The best way to order extras is to email Donna at email@example.com 2 PM the day before you get your box. If you are ordering later than that, please call 561-638-2755 and leave the message on the machine, since we don't always have time to check email in the mornings. (Those ordering for Monday boxes should call and leave a message, since you don't receive this list in time to order by email.) Flowers require earlier orders since we don't keep a supply of them here. We order just the amount that we need from other farms.
Locally grown Flowers (for Monday and Tuesday boxes, order by noon on the Friday before your box; for Thursday and Friday, order by noon on Wednesday). For information about these flower growers and some pictures of their flowers, check the Subscriber Business Links on our Subscriber section
Seed to Bloom, Loxahatchee: colorful mixed bouquets-whatever is in season. $10.00 each
Caribbean Exotics, Delray Beach: long- stemmed Heliconia-large, impressive "ginger" flowers $20 (most stems are about 3' tall)
McCoy's Honey-raw, unfiltered, locally produced http://www.mccoysfloridahoney.com/ 1 lb. glass jar $5.00 each (wildflower, palmetto, or orange blossom) 3 lb. plastic jug $14.00 each (wildflower or palmetto) 8 oz. bee pollen $12
LeDuc "Flavor Pict" Honey (most from his Loxahatchee hives, although some are on our farm) Honey 1 qt. glass jars $17 Honey with comb 1 pt. glass jars $16
Herbs (some are from our farm, some from Pontano Farms) $3/bunch basil chives mint (This generic mint is actually spearmint.) specialty mints: peppermint, chocololate mint, apple mint oregano tarragon (True French tarragon is very difficult to grow here. So this is actually Mexican mint marigold, which is used for tarragon in the south and west. All winter it also has small yellow edible flowers.)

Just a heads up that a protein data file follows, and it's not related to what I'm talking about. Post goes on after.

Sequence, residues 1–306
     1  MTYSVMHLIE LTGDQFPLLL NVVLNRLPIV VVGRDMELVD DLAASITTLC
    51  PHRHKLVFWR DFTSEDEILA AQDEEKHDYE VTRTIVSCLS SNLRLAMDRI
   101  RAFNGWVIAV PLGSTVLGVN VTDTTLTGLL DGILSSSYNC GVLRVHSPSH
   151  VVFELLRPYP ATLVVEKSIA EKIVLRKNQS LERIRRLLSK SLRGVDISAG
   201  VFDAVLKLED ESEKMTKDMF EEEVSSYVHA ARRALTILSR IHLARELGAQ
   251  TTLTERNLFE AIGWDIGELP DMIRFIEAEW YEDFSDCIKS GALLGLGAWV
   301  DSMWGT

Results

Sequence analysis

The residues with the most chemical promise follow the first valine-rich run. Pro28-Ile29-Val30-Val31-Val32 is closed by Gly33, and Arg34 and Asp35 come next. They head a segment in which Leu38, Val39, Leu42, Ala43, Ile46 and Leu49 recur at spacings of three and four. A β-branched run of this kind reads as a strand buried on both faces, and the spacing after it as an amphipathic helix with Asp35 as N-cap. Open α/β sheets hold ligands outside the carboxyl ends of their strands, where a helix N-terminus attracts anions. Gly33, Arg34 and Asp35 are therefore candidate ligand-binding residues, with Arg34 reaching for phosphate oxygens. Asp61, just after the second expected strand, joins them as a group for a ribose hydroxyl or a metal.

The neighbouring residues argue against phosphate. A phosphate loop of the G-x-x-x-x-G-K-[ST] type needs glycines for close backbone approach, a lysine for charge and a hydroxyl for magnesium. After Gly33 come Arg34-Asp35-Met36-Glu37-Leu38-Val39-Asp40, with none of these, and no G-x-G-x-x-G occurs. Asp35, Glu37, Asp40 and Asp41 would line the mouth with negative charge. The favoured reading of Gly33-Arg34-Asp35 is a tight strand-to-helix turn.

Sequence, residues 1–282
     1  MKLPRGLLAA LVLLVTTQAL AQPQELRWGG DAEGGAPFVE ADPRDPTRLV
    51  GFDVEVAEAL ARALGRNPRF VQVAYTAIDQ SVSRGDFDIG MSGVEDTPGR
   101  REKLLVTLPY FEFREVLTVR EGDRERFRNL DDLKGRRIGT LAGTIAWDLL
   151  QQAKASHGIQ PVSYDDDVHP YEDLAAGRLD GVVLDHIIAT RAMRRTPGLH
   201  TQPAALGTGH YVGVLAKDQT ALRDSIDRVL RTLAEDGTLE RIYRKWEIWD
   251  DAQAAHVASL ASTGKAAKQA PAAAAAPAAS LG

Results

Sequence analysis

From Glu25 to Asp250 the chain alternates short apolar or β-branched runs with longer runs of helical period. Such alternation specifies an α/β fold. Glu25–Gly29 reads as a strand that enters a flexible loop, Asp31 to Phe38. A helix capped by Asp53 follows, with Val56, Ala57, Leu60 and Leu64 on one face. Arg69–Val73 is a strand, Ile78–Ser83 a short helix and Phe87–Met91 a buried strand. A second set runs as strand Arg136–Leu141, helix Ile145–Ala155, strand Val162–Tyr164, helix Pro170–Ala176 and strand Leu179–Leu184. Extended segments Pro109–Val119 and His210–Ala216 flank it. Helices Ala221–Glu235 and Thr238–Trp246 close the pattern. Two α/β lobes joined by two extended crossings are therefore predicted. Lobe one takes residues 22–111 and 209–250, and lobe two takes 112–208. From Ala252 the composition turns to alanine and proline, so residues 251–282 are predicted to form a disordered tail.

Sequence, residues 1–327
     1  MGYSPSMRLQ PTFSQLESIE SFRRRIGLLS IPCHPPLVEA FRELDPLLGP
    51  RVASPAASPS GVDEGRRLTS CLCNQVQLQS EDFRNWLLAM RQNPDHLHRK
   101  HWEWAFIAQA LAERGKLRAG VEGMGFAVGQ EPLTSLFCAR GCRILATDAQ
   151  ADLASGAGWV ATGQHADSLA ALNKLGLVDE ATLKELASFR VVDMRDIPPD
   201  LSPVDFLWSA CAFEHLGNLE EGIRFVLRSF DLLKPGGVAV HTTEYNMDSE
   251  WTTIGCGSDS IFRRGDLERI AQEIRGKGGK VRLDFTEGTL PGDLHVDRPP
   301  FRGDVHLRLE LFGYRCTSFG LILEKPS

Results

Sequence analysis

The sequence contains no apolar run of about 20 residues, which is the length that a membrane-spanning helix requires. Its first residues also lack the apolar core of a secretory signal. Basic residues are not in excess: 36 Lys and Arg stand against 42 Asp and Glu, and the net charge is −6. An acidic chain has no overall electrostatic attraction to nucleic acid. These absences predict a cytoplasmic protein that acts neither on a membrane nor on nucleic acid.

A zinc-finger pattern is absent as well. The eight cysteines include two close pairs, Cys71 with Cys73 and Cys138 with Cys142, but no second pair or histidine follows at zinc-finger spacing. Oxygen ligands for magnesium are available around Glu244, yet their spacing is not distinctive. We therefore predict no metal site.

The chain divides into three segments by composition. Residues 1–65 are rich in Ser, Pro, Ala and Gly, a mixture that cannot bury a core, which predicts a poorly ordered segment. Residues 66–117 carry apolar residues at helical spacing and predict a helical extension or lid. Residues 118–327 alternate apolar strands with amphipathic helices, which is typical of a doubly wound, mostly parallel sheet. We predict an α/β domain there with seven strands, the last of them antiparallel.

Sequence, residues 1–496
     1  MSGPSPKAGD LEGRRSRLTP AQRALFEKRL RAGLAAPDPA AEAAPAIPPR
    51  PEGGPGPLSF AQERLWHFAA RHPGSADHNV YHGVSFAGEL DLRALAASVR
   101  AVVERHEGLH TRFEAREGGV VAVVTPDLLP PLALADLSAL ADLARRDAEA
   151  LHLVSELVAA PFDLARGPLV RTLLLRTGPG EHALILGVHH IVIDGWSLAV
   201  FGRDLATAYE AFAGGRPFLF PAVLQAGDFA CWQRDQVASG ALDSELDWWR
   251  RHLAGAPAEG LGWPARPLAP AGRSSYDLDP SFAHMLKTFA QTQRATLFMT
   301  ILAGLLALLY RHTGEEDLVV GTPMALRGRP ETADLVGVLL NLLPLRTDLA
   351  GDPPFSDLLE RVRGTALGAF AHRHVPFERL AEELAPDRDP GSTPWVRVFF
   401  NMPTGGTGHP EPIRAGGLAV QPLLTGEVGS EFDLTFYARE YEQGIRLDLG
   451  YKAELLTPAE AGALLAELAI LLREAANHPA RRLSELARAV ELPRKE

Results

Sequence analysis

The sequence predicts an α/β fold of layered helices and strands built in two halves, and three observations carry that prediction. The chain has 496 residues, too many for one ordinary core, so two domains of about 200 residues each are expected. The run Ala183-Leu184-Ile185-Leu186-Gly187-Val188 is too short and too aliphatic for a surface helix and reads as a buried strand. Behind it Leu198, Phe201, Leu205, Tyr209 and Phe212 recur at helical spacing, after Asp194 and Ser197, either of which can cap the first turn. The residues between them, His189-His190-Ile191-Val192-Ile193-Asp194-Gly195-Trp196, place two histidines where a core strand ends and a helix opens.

'Baby' Greens $3.00/bag (8 oz./bag for first three) 'Red Russian' kale Arugula 'Elegance' mustard greens mix-slightly spicy mixed mustards with some broccoli raab leaves Microgreens, sandwich bag (mix may contain radishes, arugula, kale, and/or purple kohlrabi)
Larger greens $3/bag (large bunch) Swiss chard- mostly red, some white mixed in
From other farms: 'Namwah' bananas -short and slightly chubby (Yagnapurush Farm, Loxahatchee) $1.60/lb. or 3 lbs for $4
Other Veggies and fruit from our farm Corn 3 ears for $2 Eggplant -$3/lb. Summer squash (yellow or zucchini) $1.50/lb. Cucumbers (pickle size or regular size) $1.50/lb. Okra $4/lb. Papayas $1/lb. (green or ripening) Yellow honeydew melons $2 each Squash blossoms 6 for $2.50